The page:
Friday 19 May 2017

Gothic Revival Vestments

We are pleased to present these similar sets of red vestments prepared by the Saint Bede Studio for two priests from the Diocese of Arlington (Virginia) in the United States.

These sets of vestments are in the Studio's Saint Austin Gothic Revival style. They are made from an English ecclesiastical brocade in a deeper shade of red. Lined in a gold shade of taffeta, the vestments are ornamented with braids in red and gold, of the Studio's own design.

Please click on the images for an enlarged view.

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Sunday 14 May 2017

Papal Mass in Saint Peter's 1965

Adjacent is a rather rare photograph, taken in Saint Peter's during a Session of the Second Vatican Council.

Standing at the centre of the altar is Pope Paul VI and with him, concelebrating bishops. At the Opening of the Third and Fourth Sessions of the Council, which took place on 14th September, 1964 and 14th September, 1965 respectively, Pope Paul concelebrated Mass in the basilica with a select number of the Council Fathers.

This Mass, of course, is being celebrated according to those modifications of the Extraordinary Form of the Roman Rite known colloquially as The Interim Missal. The Rite of concelebration, however, is quite similar to that which is found in the new Missal of 1969.

Nevertheless, the concelebrated Masses celebrated in Saint Peter's before the introduction of the new Missal differed very significantly from those after that date, as is illustrated by this photograph. Although the Basilica on this occasion was filled with bishops, archbishops and cardinals from all around the world, only a small number concelebrated with the Pope.

These concelebrants were standing at the altar during the Canon and Communion Rite. To facilitate this, a temporary enlargement of the altar of the Confession was made, together with platforms on which the concelebrants would stand.

It was of little importance that the concelebrants obscured the congregation's view of the principal celebrant, the Pope. The most important considerations, therefore, were that the concelebrants stood at the altar in close proximity to each other (and the principal celebrant) AND that they could clearly look upon the elements to be consecrated.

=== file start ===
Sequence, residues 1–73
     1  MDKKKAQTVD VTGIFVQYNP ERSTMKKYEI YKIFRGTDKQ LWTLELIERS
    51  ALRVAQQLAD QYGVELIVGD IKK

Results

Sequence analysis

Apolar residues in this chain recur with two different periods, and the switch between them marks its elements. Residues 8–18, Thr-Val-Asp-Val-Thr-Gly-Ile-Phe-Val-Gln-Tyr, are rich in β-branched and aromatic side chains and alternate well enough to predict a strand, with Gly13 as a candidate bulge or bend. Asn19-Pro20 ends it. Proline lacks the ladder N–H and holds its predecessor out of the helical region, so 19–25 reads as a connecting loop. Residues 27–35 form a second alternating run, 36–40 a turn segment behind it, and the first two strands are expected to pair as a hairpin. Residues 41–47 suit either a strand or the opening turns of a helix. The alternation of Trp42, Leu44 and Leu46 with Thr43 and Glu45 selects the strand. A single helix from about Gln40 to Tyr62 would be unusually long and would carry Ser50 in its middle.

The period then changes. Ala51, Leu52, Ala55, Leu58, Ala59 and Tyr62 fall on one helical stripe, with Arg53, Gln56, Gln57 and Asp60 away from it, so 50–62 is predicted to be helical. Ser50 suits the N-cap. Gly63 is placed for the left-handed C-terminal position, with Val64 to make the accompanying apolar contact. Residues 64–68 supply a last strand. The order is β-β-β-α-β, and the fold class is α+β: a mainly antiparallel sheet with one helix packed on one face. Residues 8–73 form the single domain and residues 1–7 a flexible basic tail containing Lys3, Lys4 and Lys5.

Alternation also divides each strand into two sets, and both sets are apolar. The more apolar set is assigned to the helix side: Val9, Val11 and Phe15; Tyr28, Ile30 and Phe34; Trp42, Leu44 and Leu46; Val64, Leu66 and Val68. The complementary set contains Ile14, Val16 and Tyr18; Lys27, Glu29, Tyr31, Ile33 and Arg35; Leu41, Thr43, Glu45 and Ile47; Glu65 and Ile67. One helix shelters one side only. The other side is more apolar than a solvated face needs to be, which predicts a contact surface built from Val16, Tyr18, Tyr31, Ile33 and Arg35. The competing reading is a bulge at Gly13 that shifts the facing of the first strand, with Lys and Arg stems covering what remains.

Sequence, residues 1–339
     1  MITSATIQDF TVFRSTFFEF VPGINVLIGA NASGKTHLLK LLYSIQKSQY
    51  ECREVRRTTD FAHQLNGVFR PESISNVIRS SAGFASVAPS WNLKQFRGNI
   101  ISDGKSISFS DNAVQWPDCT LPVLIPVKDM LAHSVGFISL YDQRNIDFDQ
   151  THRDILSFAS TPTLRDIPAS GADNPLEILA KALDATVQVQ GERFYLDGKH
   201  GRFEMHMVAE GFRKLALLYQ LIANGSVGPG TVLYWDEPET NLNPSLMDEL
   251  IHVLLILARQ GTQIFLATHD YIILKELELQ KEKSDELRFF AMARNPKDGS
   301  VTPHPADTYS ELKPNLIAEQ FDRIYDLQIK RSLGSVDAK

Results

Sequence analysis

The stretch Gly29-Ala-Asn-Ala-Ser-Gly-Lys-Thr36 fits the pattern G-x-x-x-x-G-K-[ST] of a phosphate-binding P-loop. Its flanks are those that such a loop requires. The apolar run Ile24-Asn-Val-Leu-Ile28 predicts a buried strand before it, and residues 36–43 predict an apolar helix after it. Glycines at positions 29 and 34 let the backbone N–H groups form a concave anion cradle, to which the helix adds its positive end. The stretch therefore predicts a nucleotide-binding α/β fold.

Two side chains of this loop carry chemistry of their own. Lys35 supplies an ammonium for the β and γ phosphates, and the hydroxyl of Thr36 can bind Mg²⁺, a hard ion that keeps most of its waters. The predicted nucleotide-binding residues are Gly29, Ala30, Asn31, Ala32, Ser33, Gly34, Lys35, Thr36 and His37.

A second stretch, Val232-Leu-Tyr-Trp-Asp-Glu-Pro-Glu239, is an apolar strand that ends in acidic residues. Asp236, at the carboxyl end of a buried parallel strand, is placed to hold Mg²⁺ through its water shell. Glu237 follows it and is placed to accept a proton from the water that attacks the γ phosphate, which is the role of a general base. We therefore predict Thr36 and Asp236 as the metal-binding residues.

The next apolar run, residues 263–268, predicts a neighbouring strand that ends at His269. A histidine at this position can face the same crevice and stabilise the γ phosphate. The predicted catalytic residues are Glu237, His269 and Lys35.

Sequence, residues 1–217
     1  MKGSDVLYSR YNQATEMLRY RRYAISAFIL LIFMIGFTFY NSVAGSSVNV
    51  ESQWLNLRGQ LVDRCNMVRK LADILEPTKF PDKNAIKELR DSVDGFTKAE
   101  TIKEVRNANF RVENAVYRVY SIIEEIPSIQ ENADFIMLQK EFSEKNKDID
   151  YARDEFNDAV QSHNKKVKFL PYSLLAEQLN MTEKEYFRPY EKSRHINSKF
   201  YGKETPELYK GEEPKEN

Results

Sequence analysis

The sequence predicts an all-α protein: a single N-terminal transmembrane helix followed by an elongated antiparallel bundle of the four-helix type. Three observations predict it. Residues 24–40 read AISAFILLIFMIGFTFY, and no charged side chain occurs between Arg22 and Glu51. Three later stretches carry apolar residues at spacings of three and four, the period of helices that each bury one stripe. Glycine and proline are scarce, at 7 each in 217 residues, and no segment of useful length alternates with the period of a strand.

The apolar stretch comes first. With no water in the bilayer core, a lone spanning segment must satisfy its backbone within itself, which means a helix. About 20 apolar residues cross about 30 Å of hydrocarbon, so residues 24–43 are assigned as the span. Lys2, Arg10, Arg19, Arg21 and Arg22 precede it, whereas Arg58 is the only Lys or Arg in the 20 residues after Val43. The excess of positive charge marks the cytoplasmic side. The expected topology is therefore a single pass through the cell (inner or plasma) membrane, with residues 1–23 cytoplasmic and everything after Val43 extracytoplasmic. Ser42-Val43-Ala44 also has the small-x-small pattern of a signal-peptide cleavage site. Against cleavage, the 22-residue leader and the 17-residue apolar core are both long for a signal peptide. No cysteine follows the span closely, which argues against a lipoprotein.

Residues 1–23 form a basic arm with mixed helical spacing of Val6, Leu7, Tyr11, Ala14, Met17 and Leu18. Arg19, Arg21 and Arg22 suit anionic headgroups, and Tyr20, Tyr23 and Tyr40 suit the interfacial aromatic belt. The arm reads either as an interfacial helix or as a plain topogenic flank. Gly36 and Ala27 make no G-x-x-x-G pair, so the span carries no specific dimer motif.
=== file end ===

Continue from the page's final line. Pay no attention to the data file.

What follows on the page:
Click on the images for an enlarged view.

Thursday 4 May 2017

Beuron School of Liturgical Art

Adjacent is a beautiful liturgical drawing from 1910  in the Beuronese style  Messe mit Wandlungskerze auf dem Altar. It was found at the Wikimedia Commons. Go here to read a little about the Beuron School of liturgical art.

This stylised depiction of a priest celebrating Low Mass is rich with the aesthetic ideals of the Liturgical Movement. The celebrant wears a flowing albe, ornamented with continuous decoration around its hem. Over this he is vested in a conical chasuble, decorated very simply. Not least of interest is the manner in which the altar cloth is decorated, with geometric embroideries and tassles of silk. 

One curiosity is the almost sleeveless surplice being worn by the altar server. Note the restrained gesture with which he lifts the celebrant's chasuble for the Elevation.

Would that this dignified aesthetic were more fully adopted for the celebration of Mass according to both usages of the Roman Rite.

Click on the image for an enlarged view.

Wednesday 3 May 2017

The Altar Frontal : 1

Reproduced from our other Blog Where Heaven and Earth Meet

The Altar of the Confession in Saint Peter's Basilica.
Pope Benedict is seen here offering Mass on Pentecost 2008.
This marvellously embroidered frontal in crimson red and gold 
frequently clothes this altar for Papal Masses.
Excepting perhaps for the altar canopy or civory, the most worthy, liturgical, notable and appropriate adornment of any altar is its altar frontal (antependium). More than any other adornment does the use of the antependium highlight the primacy of the altar. And yet, the antependium is the adornment most frequently lacking from our altars. The Rev'd J.B. O’Connell speaks of the symbolism of the antependium: